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Saturday, 23rd April, 3pm
Henson Park

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Image: mafphotography
Image: mafphotography

THROW BACK THURSDAY – SPLIT DECISION SPARKS SPITE AND SPITTING

Each Thursday, during the season, thanks to CRYO Sydney, we step back in time to bring you a story from our rich history. In the lead up to our game v Souths at Redfern Oval, we’re going back to 1980 and one of the most hostile finishes to a game in our history.

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SPLIT DECISION SPARKS SPITE AND SPITTING

It’s no doubt a game that former referee Chris Ward still remembers quite vividly.

On Saturday 26 1980, Ward had to leave Redfern Oval with a police escort after his controversial handling of Newtown’s 12-10 win over South Sydney left the red and green faithful baying for his blood.

However, according to the Canberra Times, the man with the whistle didn’t escape the ground completely unscathed with one “youth” having
“registered his disapproval with a kick to Ward’s behind.” The Sun-Herald
reported that Tommy Raudonikis’s mother, Margaret was spat at in a separate incident after the match.

It was a sour ending to an epic encounter, which had seen Newtown cult hero Ken Wilson kick six goals from six attempts to guide the Jets to
victory after Souths had taken an early 8-4 lead.

The incident that had earned the ire of the Souths fans occurred 11 minutes from fulltime. With the Jets clinging to a 10-8 lead, the Rabbitohs received a penalty in front of the posts. First choice kicker Grant Jones was having an off day with the boot having managed just one goal from
three attempts, so replacement Wayne McPherson was given the responsibility of taking the potentially match-levelling kick.

McPherson’s attempt had the distance but it ricocheted off the inside of the right hand upright and the two touch judges were in disagreement as to whether the ball had cleared the cross bar. One raised his flag and the other waved the kick way. As per the rules in that situation, Ward was required to make the final call and ruled ‘no goal’ but subsequent video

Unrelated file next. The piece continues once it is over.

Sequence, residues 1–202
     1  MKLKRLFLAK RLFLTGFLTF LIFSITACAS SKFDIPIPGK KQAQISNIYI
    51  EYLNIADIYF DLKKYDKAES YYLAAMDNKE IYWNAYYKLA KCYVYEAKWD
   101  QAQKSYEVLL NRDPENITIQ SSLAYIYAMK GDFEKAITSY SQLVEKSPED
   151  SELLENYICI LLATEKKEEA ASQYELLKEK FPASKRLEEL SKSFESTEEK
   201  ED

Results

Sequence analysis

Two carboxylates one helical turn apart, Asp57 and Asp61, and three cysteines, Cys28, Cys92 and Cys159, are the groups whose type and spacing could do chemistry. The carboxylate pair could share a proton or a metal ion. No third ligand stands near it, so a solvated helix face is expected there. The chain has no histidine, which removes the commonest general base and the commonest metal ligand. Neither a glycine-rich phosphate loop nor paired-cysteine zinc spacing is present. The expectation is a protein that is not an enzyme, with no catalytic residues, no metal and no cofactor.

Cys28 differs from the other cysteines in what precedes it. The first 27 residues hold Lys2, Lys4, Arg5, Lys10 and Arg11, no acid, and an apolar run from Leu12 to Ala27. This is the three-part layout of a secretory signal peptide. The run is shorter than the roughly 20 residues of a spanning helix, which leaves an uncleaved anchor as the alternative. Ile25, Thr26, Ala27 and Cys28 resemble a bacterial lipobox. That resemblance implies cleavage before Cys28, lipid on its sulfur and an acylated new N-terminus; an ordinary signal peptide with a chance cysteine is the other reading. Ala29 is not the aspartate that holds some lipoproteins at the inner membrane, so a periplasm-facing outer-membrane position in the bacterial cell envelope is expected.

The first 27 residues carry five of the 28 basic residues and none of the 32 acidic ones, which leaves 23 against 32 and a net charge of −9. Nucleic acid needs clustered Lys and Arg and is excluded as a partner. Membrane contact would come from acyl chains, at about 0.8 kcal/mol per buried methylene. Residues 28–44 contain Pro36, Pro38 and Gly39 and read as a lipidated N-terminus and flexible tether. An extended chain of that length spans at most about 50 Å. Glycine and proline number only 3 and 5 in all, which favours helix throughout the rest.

replays showed the the goal should have be awarded.

That wasn’t the end of Souths’ woes. After his side had leveled the scores in the 77th minute of play via a penalty goal, Jones was caught in an offside position close to his line. This allowed Wilson to seal the verdict for Newtown right on the stroke of full time.

Souths were livid with the result having scored two tries to Newtown’s nil
and vowed to take their protests to the top.

“We are protesting to the League over the referee’s incompetence and particularly against the no-goal ruling when Newtown led 10-8,” Rabbitohs secretary Terry Parker told the Sydney Morning Herald.

“That is without doubt the worst exhibition of refereeing I have seen,” added Souths legend John O’Neill.

Jets coach Warren Ryan wasn’t particularly satisfied either, despite the win.

“I like a win as much as the next bloke but the win today didn’t rate too highly with me,” Ryan said.

“Souths were hard, very hard and played the better football.”

For the record, Souths’ appeal to the League for the game replayed was dismissed, but the game continues to live long in the memory of those who were at Redfern Oval on that particular autumn afternoon almost 39-years-ago.

Newtown 12 (Wilson 6 goals) def. South Sydney 10 (G.Jones, Z.Niszczot tries; Jones, W.McPherson goals)

Ken Wilson walks off celebrating victory.
Referee Chris Ward leaving Redfern Oval surrounded by police.
The controversial goal that was disallowed.
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Two outstanding identities with many years of association with the Newtown RLFC, Colin Murphy (left) and Johnny Lewis, lead the teams out at Henson Park on Saturday while carrying a number seven jersey in honour of the late Tom Raudonikis.

 

Photo:
Michael Magee Photography.

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